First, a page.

– We should not be compelled to send a military force abroad. The Council is required to decide whether a sanction shall be put into operation, and it is then left to each nation to decide whether it will send a force, having regard to its geographical position. The international court has been in existence for a number of years, and has already given a decision in this matter. It is well known that international law is not concerned with immigration. If the international court reports that a dispute is a question of domestic concern, the arbitrators are bound to award accordingly, and no action can be taken. The Council can mediate, but it cannot upset the decision of the international court. I took the trouble when in England to consult Sir Cecil Hurst, for I was not prepared to advocate the Protocol if it would endanger the White Australia policy. I should be the last man to do that. The members of the Australian delegation did their best to prevent any interference with that policy, and it was due largely to them that the Japanese amendments were accepted in the form they were. Sir Cecil Hurst is the legal adviser to the British Government. I asked him what he thought of the matter, and he said, speaking of paragraph S of article 15 of the Covenant, “the matter is to be decided by international law.” Does any one imagine that judges who are chosen because of their merit, and who are men of integrity, would do anything contrary to the law? If international law clearly sets out that immigration is a matter of domestic concern, the court can give but one decision. We put the matter in this way -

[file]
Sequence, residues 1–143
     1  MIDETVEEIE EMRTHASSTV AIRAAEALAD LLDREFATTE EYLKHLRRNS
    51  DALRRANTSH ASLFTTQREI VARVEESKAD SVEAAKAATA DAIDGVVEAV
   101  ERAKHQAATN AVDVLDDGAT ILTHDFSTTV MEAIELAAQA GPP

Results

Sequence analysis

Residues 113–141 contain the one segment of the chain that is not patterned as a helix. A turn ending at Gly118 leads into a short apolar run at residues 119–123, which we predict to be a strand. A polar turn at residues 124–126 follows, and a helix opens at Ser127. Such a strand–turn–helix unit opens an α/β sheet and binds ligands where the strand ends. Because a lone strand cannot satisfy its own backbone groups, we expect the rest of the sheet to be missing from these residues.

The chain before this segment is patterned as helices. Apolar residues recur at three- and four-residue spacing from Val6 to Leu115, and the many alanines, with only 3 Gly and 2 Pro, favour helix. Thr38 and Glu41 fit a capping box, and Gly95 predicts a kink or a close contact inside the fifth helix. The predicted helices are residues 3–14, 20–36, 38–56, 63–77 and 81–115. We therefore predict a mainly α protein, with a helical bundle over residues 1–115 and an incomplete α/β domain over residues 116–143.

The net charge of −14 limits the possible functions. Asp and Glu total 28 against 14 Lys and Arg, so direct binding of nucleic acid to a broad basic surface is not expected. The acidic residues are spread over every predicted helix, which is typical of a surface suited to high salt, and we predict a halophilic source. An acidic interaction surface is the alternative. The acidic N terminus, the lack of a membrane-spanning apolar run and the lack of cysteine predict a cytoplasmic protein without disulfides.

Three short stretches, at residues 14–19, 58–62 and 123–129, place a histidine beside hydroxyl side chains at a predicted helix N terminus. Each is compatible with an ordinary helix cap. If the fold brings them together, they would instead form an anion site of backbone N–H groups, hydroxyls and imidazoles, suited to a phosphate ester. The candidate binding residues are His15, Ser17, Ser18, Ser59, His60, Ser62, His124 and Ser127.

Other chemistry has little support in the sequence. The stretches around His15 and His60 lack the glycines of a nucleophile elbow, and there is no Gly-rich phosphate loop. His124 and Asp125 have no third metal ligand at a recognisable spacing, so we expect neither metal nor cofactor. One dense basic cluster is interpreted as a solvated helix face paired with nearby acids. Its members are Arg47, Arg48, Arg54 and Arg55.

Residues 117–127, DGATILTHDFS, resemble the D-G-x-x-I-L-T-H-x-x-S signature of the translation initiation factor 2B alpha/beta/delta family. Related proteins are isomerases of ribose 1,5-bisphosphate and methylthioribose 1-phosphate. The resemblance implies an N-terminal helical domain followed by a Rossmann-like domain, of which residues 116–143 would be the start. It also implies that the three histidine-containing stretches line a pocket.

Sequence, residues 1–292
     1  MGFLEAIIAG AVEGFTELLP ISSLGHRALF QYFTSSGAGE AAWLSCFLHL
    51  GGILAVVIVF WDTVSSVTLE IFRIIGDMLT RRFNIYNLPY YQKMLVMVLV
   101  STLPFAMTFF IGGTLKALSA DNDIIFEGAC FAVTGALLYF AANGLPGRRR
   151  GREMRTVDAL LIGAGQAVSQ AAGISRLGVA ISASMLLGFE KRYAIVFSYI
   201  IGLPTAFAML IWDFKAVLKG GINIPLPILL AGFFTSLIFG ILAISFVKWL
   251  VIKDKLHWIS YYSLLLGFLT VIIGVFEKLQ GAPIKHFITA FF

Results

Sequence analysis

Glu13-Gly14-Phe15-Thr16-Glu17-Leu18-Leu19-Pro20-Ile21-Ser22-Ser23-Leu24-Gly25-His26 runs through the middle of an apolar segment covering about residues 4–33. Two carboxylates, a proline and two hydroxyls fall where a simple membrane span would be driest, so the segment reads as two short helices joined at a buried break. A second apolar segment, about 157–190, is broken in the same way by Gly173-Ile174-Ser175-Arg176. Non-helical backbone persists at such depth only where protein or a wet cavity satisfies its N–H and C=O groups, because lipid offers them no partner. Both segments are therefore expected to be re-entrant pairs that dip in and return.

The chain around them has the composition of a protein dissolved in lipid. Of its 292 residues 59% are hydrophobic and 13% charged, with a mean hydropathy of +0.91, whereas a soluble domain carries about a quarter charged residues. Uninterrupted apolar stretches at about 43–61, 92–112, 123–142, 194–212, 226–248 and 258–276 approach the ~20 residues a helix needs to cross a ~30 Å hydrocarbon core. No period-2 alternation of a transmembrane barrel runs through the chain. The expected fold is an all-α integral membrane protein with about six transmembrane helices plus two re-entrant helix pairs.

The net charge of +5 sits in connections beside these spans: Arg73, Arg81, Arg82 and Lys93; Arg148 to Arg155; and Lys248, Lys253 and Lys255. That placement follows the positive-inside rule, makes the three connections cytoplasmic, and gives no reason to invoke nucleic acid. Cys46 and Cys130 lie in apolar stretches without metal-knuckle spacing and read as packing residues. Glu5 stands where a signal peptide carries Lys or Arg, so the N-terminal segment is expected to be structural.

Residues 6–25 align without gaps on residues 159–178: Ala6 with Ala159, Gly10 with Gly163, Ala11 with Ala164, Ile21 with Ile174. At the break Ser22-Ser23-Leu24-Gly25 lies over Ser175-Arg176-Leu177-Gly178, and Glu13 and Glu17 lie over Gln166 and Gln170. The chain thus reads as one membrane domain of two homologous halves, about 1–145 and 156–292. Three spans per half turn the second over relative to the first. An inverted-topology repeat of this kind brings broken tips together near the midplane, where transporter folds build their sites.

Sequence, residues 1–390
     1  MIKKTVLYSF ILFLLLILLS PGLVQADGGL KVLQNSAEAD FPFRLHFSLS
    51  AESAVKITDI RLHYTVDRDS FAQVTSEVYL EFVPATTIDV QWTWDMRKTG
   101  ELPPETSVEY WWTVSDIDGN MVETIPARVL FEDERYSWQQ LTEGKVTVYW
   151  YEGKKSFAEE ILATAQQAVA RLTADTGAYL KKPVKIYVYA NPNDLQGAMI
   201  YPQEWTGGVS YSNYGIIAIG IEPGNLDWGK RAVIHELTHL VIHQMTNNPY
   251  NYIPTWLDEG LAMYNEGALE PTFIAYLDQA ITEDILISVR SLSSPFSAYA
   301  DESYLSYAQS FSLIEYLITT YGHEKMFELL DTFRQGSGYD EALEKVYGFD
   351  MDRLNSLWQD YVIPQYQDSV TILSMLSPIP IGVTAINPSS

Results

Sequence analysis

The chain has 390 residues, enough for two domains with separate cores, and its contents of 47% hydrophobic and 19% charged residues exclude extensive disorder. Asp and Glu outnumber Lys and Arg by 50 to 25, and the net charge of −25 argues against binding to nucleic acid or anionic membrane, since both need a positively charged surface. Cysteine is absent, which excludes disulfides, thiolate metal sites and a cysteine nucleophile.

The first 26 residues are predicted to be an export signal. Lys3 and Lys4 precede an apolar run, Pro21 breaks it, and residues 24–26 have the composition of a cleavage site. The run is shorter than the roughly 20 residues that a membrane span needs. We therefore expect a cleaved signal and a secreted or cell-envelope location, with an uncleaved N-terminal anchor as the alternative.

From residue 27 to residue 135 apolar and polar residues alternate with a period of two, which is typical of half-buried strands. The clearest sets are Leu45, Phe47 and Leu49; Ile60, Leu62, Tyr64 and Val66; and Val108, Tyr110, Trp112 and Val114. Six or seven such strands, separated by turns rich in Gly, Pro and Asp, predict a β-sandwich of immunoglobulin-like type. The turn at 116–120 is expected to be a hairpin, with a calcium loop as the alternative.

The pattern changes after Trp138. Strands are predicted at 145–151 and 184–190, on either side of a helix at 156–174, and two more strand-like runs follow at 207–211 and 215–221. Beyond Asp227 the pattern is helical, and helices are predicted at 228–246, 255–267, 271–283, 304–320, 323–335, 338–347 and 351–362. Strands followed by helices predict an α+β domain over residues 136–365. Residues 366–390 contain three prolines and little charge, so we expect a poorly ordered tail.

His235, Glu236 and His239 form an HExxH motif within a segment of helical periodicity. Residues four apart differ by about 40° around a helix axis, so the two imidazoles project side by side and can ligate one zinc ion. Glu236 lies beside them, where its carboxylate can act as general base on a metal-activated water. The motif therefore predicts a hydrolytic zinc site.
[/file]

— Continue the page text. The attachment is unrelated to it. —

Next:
Supposing that an Asiatic nation picked a quarrel with Australia on the White Australia policy, and when the latter came before the Council, Australia claimed that the matter was one of domestic jurisdiction.
If the Council unanimously decided that Australia was in the right, its decision would be binding on the Asiatic nations; but if the Council failed to arrive at a unanimous decision, then the aid of the League could not be invoked.